Often when children must show up in a courtroom, it’s an unhappy and alienating, if not tragic, affair—but this was not one of those cases.
A boy in Kent County, Michigan named Michael Clark Jr. was facing an adoption hearing this week, but rather than appearing all by himself he had the strong moral support of his entire kindergarten class.
The children cheered and held up hearts on sticks Thursday as Michael finally became an official part of his family in the courthouse, local television station WZZM reported.
The kids were eager to join Michael for his special day, which was planned by kindergarten teacher Kerry McKee, who told WOOD-TV:
“The lesson is put a little love in your heart. We rise when we support others.”
About a year ago, Andrea Melvin and Dave Eaton became Michael’s foster parents. Since then, Michael has enjoyed no shortage of love from his now-permanent parents.
Speaking to WOOD-TV, Melvin said:
“We were thinking, ‘How can we build our family?’”
Michael then cut into the interview, saying, “I love my Mommy!”
Continuing, Melvin explained that “there’s so many options, right, for building a family these days.”
So glad he got to share his special day! #AdoptionEqualsLove https://twitter.com/_JamesStarks/status/1202612578096209920 …James Starks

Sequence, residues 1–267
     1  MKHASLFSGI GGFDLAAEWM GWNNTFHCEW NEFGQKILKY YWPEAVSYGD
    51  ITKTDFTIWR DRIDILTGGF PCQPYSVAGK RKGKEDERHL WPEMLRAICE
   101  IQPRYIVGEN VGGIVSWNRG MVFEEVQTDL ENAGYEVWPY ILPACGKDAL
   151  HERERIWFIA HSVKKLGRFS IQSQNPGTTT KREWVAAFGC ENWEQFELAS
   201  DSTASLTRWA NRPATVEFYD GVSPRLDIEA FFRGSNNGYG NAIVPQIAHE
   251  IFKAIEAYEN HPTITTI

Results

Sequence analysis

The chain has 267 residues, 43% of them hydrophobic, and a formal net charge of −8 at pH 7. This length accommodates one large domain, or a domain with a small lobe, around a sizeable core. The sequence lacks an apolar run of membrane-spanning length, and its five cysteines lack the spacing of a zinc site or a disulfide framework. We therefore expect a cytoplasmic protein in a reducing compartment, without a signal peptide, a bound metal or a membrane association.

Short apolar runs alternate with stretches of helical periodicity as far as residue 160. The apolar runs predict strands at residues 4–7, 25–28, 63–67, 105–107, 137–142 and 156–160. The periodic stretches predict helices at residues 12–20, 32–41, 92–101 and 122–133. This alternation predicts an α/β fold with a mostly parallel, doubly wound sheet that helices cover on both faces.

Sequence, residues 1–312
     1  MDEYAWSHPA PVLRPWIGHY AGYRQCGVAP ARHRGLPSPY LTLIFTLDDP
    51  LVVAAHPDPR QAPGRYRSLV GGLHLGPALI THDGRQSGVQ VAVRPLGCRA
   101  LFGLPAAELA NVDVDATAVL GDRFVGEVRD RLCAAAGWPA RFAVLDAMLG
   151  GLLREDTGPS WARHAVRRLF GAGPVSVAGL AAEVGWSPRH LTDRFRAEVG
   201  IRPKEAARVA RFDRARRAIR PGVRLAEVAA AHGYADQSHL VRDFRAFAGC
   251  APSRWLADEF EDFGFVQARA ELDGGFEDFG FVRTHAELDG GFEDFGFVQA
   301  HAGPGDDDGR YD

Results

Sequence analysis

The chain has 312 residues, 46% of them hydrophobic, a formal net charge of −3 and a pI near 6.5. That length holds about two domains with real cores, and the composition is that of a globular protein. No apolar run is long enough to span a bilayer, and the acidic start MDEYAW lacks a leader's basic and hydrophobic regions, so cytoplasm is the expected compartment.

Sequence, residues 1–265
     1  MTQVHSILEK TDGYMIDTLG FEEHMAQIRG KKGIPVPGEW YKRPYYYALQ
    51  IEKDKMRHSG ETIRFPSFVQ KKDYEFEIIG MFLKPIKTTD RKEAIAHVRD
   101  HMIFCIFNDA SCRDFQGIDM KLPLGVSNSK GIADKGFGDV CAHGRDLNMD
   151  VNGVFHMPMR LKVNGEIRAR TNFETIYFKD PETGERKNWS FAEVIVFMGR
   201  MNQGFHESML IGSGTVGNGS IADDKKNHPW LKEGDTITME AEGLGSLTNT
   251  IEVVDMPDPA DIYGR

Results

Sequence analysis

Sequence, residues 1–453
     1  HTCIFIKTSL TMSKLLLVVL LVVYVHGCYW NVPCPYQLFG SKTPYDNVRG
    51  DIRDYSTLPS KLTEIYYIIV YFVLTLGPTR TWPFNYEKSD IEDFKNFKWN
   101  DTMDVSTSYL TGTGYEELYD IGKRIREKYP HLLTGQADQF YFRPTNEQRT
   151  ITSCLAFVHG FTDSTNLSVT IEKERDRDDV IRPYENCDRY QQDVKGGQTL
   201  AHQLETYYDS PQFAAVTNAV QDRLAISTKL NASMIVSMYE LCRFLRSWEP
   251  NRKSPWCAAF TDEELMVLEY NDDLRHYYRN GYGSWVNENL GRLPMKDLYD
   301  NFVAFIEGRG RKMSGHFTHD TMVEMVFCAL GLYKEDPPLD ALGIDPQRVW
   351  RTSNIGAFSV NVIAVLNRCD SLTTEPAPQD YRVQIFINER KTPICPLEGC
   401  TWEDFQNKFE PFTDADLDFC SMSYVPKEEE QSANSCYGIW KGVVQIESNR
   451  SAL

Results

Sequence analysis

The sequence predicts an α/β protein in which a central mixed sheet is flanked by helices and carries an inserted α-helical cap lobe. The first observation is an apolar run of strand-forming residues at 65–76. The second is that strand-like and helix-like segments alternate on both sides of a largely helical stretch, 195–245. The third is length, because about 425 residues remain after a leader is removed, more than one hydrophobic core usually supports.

Probably the cutest story you will ever see. A kid who’s being adopted invited his ENTIRE kindergarten class to attend his adoption. @wzzm13
Between 4,000 and 5,000 children currently live in foster care in Michigan. Michael was one of 36 children from within the foster care system who was adopted on Thursday, which was Kent County’s 23rd annual Adoption Day.
17th Circuit Court Family Division Judge Patricia Gardner called the day “amazing” as she opened for hearings. The day was full of tears of joy as children united with their new families. Gardner said:
“On Adoption Day, there’s so many emotional stories of how children come to families.”
Santa Claus also joined the day’s events to spend time with the families and various local organizations and agencies.
For Michael’s new parents, fostering him was a matter of conviction as well as love. Melvin said:
“If it’s something that’s crossed your mind, you should consider it and get trained and just see what it’s all about.”